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Fig. 1. Feeding a sick goose.
Herdsmen and poulterers treating sick animals and geese.
2. In the original, this figure shows more skill in the drawing than is usual in Egyptian sculpture.
3. Feeding an oryx.
4, 5. Treatment of goats. The foreleg is tied up to prevent the animal rising while the medicine is administered to it. 7. Forces a ball of medicated food, taken from the vase before him, into the ox's mouth.
the poulterers bestowed the same care on the geese and fowls. animals of the desert they tamed or bred in the farmyard; and fined to oxen and sheep; it extended also to the oryx, and other they forced into their mouths. Their medical aid was not conand preparing for them whatever medicine they required, which ing them with proper food, which they gave them with the hand, shepherds. They took the utmost care of the animals, provid
Fig. 1. A scribe.
British Museum-from Thebes.
2. Men bringing eggs in baskets. 3. One of the feeders of geese. 4. Table, on which are baskets containing eggs and flowers. 5. The scribe reading the account before the steward or master of the estate, written on a papyrus he holds in his hands. 6. Man bringing the goslings in baskets. 7. The feeders of the geese doing obeisance; others seated in an attitude of respect; and 8, bowing as he brings up the geese with their young, 9. A large flock of geese brought by others, 10, 11, 12.
And such was their attention to the habits of different animals, and the patient treatment of them, that the wildest and most timid were rendered so tame as to be driven, like the sheep and goats; and the wild geese and other birds were brought to the stewards, whenever an inventory was made of the live stock on the estate.
The pastors were a class apart from the agriculturists, and were held in disrepute, partly from the nature of their оссираtion, partly from the prejudices of the Egyptians against all herdsmen. But this did not extend to the farmers who bred cattle or sheep; it was confined to the poor people who kept them; and as if to show how degraded a class they were, they are represented, as at Beni Hassan and the tombs near the Pyramids, lame, or deformed, dirty, unshaven, and even of a ludicrous appearance; and often clad in dresses made of matting, similar in quality to the covering thrown over the backs of the oxen they are tending.
A deformed oxherd.
Tombs near the Pyramids.
They generally lived in sheds made of reeds, deriving a scanty nourishment from the humblest and coarsest food; but they were overlooked by other persons of a superior condition among the pastoral class. There were also overseers of the shepherds, who regulated everything respecting the stock-which were to graze in the field, which to be stall-fed; and their duty was also to give reports at certain periods to the scribes attached to the steward's office, who examined them preparatory to their being presented to the owner of the estate. In these nothing
was omitted; and every egg was noted in the account, and entered with the chickens and goslings. And in order to prevent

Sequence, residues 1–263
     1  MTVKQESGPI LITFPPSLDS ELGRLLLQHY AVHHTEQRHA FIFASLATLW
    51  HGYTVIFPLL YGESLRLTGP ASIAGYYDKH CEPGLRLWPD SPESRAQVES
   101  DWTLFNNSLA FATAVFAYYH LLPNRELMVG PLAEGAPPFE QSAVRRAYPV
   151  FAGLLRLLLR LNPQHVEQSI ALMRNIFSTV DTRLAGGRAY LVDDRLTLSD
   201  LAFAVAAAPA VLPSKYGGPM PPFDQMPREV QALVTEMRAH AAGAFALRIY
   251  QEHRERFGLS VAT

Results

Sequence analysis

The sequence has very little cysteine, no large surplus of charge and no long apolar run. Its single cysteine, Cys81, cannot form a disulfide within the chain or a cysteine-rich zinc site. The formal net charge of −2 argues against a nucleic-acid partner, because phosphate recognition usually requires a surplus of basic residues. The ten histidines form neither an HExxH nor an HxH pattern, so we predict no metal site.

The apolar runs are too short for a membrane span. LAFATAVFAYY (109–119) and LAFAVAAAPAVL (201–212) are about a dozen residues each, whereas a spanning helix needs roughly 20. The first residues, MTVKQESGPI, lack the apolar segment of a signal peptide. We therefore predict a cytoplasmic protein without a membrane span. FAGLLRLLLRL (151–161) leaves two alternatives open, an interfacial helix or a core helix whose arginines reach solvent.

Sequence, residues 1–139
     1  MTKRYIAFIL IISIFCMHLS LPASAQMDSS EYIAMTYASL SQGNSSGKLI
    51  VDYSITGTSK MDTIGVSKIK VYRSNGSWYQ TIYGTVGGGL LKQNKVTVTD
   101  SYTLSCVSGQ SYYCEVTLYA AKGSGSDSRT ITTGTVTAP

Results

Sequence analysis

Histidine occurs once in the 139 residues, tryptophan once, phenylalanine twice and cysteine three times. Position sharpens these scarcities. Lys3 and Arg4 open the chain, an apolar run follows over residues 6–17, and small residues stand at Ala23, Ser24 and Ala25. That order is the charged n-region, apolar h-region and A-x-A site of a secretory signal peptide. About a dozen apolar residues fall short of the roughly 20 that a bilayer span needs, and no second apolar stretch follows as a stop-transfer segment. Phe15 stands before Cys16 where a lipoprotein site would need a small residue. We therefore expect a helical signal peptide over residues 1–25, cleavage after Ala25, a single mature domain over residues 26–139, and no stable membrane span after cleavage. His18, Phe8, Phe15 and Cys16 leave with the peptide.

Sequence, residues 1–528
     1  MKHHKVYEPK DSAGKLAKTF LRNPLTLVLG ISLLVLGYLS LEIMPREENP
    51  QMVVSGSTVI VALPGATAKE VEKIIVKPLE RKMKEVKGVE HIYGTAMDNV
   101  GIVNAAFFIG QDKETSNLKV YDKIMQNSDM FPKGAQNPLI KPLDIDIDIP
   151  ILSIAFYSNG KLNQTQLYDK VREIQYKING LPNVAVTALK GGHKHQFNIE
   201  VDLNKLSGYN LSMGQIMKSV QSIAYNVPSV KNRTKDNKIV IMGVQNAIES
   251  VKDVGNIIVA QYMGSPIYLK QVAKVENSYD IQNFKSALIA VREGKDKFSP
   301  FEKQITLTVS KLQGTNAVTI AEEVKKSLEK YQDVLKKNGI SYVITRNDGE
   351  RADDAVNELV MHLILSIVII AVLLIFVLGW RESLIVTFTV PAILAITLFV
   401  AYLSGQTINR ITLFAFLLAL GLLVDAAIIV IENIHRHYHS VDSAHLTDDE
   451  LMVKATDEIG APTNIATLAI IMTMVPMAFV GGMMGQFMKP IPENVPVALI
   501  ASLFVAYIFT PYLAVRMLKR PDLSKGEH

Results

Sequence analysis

Giving an account to two scribes of the stock on the estate. Before fig. 1 is the sachel, and above fig. 2 the box for holding writing implements and papyri. They are writing on boards: in their left hands are the inkstands with black and red ink.
any connivance, or a question respecting the accuracy of a report, two scribes received it from the superintendents at the same moment. Everything was done in writing. Bureaucratie was as consequential in Egypt as in modern Austria, or France; scribes were required on every occasion, to settle public or private questions; no bargain of consequence was made without the vouchure of a written document; and the sale of a small piece of land required sixteen witnesses. Either the Egyptians were great cheats, or a very cautious people-probably both; and they would have been in an agony of mind to see us so careless, and so duped in many of our railway and other speculations.
The shepherds on the estate were chosen by the steward, who ascertained their character and skill before they were appointed to their various duties; and Pharaoh in like manner commanded Joseph, who was superintendent" over all the land of Egypt," to select from among his brethren such as were skilful in the management of the flocks or herds, and "make them rulers over his cattle."
There was also the honorary office of "superintendent of the
CHAP. VIII. SHEPHERDS APPOINTED TO THEIR POST.
military classes, who were called "superintendents of the cattle being held by persons of rank belonging to the priestly and the class of shepherds: it was a high and distinguished post, herds;" but this was very different from the duty of any one in
Fig. 1. Herdsman giving an account to the scribe, 3.
2. Another doing obeisance to the master of the estate, or to the scribe. 4. Other herdsmen.
5. The driver of the cattle, carrying a rope in his hand.
British Museum-from Thebes.
6. Bowing and giving his report to the scribe, 7, over whom is the usual sachel, and two boxes.